When we first started looking at crafting forms for MVC in a recent big project, we had just completed a ton of “view” screens for a wide variety of information. Having learned quite a few things on crafting HTML on the view side, we had a few goals in mind to ensure that we improved our development experience on the edit side.
But it wasn’t just the development experience we wanted to improve, it was the design/conception/analysis phase as well. By centering our conversations around creating “inputs for” our view model, we could create a lot of consistency in our screens. Our major goals for our opinionated builders were:
- Input elements should look the same
- Common classes of input elements should look the same, so that enumerations are always in a drop-down, nullable enumerations are in a radio button group, date-times are in a special date and time template, etc.
- Our UI designers should not have to think about designing individual input elements
- Developers should not have to think about what the standard input element HTML is
- Everything rendered should work with ModelState, validation, and UI testing in a completely consistent, predictable and deterministic manner
In many of the MVC examples out there, I see a metric ton of duplication around designing forms. You always see the same “label” element, the input element, validation errors, asterisk for required fields, and so on copied over and over again for every single form element. What a waste!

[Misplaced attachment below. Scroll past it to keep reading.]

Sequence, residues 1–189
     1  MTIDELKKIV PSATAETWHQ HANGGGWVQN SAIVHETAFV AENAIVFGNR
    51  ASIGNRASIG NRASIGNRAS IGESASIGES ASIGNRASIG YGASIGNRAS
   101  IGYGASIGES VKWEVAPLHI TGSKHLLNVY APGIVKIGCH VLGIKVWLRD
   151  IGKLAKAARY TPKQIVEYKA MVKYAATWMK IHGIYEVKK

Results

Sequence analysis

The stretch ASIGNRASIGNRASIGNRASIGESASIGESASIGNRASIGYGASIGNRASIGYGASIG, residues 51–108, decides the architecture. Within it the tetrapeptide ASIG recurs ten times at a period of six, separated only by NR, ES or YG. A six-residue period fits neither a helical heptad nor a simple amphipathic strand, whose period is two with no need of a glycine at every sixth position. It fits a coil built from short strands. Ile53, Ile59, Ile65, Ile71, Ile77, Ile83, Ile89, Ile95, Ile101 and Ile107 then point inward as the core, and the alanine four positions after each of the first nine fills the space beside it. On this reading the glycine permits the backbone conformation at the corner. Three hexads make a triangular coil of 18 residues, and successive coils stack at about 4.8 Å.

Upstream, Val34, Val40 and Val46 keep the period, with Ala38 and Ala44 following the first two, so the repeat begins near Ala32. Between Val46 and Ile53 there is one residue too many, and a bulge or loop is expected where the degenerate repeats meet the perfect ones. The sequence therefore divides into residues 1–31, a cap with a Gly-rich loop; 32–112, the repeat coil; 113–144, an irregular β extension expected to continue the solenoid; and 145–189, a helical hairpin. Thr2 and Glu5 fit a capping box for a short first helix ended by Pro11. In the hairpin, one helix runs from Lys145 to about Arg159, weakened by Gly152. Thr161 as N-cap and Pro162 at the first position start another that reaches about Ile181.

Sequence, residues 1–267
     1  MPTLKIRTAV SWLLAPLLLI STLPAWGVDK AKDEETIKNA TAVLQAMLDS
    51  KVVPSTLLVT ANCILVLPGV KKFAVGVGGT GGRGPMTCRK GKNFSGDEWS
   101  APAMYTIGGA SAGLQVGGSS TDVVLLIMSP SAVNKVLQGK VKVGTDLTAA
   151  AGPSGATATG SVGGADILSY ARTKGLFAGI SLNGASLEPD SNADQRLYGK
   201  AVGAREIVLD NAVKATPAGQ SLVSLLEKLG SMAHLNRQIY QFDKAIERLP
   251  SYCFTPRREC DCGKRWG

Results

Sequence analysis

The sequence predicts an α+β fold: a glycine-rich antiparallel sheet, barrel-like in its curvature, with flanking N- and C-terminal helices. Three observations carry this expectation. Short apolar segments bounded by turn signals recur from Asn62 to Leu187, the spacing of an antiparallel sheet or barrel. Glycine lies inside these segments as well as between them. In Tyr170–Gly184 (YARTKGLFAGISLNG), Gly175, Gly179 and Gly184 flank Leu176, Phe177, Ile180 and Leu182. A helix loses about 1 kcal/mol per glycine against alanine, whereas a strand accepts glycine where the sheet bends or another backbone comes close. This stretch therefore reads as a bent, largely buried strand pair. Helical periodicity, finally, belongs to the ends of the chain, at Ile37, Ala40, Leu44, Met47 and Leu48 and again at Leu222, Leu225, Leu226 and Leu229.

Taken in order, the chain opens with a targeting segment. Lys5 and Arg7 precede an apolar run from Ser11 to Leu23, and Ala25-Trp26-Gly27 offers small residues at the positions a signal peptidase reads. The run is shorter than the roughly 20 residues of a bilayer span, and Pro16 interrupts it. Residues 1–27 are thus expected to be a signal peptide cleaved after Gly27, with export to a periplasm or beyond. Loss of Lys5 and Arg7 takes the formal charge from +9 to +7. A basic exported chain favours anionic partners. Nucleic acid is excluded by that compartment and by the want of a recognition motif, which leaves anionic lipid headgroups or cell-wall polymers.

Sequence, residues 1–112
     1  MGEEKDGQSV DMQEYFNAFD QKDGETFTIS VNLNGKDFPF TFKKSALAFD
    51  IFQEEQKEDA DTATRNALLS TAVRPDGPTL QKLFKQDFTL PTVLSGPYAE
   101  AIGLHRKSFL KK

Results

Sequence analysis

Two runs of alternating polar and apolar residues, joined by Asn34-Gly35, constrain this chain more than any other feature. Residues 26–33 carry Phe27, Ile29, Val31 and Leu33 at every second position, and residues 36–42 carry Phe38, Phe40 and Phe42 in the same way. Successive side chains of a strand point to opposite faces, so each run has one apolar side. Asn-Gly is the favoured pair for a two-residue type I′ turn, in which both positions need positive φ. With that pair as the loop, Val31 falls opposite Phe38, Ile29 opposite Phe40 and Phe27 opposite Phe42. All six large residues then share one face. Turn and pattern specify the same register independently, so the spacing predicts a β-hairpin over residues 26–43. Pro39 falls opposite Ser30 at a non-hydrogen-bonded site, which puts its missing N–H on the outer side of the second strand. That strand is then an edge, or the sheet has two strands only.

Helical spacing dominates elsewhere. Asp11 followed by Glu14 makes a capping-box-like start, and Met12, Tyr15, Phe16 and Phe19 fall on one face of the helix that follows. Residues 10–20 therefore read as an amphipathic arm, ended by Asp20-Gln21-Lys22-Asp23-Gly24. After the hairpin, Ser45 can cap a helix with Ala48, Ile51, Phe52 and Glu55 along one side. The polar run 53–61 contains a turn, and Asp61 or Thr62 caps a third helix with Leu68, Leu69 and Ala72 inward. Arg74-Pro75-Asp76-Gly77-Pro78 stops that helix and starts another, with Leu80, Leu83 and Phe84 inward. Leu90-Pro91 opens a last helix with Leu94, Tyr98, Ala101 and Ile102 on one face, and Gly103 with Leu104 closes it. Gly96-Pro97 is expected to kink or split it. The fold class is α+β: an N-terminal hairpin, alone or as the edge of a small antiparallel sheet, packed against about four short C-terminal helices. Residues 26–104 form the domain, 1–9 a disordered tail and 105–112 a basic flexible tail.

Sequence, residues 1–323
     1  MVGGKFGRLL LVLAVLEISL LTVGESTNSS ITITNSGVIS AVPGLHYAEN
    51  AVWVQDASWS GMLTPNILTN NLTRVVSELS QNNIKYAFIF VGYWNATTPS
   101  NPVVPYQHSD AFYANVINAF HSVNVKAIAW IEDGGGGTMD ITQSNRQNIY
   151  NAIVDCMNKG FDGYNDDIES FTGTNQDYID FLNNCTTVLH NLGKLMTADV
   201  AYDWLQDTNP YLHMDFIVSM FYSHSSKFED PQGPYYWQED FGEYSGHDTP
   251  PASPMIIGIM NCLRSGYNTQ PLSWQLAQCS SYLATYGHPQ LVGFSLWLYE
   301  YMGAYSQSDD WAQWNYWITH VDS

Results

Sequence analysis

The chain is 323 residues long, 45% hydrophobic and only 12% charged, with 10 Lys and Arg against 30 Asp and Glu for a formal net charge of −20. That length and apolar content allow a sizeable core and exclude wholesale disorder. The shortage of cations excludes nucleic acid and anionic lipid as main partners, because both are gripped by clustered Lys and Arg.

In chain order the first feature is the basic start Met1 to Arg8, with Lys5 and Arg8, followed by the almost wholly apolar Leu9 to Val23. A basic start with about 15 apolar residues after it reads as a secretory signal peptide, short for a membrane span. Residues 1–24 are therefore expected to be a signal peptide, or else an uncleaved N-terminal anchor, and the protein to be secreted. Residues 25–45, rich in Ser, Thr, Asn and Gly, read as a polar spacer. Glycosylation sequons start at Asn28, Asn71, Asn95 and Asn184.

Removing the duplication
What we saw was that if we gathered information from the strongly-typed expression, we could make an informed decision on what HTML to render. Is your model member decorated with a required field attribute? Render an asterisk. Is the type of the member an enumeration? Render a drop-down, but include all of the other normal input element business (label, etc.). Is the type of the member a Guid? Render a hidden field. But funnel all of these decisions through a single call to a single method, “InputFor”.
The benefit of opinionated input builders was that it was just one less design decision that had to be discussed and implemented, all the way through the process. By employing rigorous standardization on our design, we could create a very consistent user experience.
I don’t really see a panacea for a master opinion framework, as you’ll still have to decide what opinions are valid on your project. But ASP.NET MVC, like many other frameworks, is one that allows you to form your own opinions, without making any recommendations on its own. Do make sure you form these opinions, as otherwise you’ll be stuck maintaining a lot of duplication of HTML and behavior in your views.
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